Leach. 1961. British Birds, 54 (Ringing Supplement): 495-508. In this "Selected
List of Recoveries Reported" Miss Leach occasionally gives summarizing remarks.
"Many Pink-looted Geese [Anser arvensir brachyrhy,chus] marked in central Ice-
land by the 1951 and 1953 expeditions are still being shot in their winter-quarters"
in Britain. As for the Black-headed Gulls (Larus ridibundus) that winter in Britain
the "inland breeding-colonies of Czechoslovakia, southern Poland, Bavaria and Sax-
ony are plentifully represented, and considerable numbers also come each year from
Finland, the Baltic Republics, Scandinavia, the Netherlands and Belgium, as well
¾oi. XXXIII Recent Literature 1962 [ 1 5 5
as from Northern 3ermany." An Oystercatcher (Haematopus astralegus) ringed as
a chick in the Nett,erlands June 6, 1929 was shot on January 1, 1957 at Pakefield,
Suffolk 281/2 years later. -- M. M. Nice.
3. Observations and banding at Ottenby Bird Station 1960. Report No. 33.
(Verksamheten vid Ottenby ffigelstation 1960). Anna Tolstoy. 1961. V•r ?•gel-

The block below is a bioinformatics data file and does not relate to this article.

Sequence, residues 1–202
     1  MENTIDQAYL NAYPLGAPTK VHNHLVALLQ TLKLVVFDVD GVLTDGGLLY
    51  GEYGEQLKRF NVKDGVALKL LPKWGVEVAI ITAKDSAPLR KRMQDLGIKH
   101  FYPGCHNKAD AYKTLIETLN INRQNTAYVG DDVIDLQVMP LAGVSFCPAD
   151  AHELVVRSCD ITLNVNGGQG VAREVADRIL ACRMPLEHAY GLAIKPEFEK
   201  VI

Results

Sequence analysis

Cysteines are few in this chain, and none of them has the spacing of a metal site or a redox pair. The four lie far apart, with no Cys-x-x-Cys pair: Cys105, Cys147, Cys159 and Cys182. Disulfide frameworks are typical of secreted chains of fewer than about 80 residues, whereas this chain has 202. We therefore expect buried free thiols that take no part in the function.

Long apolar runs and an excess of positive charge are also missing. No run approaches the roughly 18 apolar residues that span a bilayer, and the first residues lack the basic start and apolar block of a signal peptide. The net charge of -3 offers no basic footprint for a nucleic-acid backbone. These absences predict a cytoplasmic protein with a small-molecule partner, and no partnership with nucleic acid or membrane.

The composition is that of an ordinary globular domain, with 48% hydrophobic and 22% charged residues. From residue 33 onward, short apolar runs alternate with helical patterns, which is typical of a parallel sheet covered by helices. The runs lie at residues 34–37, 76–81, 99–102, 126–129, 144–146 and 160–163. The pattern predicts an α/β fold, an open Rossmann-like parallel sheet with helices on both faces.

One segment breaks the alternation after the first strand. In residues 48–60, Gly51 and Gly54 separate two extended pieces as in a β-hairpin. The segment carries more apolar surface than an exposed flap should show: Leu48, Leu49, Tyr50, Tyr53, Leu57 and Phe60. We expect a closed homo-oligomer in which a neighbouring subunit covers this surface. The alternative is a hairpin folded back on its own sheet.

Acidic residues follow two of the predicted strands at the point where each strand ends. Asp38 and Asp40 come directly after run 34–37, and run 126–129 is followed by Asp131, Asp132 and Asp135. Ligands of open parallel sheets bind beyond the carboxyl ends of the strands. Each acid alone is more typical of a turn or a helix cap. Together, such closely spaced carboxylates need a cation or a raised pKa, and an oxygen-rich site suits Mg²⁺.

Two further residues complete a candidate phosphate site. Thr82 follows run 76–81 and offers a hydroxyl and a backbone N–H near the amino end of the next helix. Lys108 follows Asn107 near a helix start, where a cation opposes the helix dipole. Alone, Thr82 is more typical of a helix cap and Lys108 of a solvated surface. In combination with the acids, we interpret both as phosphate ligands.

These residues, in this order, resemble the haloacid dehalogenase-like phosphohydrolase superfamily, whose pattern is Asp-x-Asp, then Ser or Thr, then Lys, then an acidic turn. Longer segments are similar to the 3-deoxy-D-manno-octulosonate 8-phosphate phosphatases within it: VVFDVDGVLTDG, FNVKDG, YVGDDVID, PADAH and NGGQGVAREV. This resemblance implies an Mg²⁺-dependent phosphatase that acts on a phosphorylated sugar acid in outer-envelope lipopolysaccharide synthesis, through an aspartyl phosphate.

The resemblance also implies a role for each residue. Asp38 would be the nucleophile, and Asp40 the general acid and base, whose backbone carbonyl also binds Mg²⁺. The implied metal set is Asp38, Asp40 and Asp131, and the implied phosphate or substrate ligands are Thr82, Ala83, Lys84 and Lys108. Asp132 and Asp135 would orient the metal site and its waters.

viirld, 20: 318-330. (English summary). The season, which lasted from 30 April
to 31 October, was notable in many respects. A museum was built and equipped
during the summer, partly to serve tourists with all pertinent information and,
partly, to ensure continuous financial contributions to the station in the form of
The total number of birds banded, 14,992, was the second highest in the history
of the station. Exceptionally high figures were obtained for the Buzzard (Buteo
buteo) and the Rough-legged Buzzard (Buteo lagopus). An influx of Great Grey
Shrikes (Lanius excubitor) allowed 59 of the species to be trapped, in comparison
to the previous yearly record of 19.
The year brought 189 recoveries. Among these were three firsts for the station,
a Buzzard, a Rough-legged Buzzard, and a Rook (Corvus frugilegus). Recovery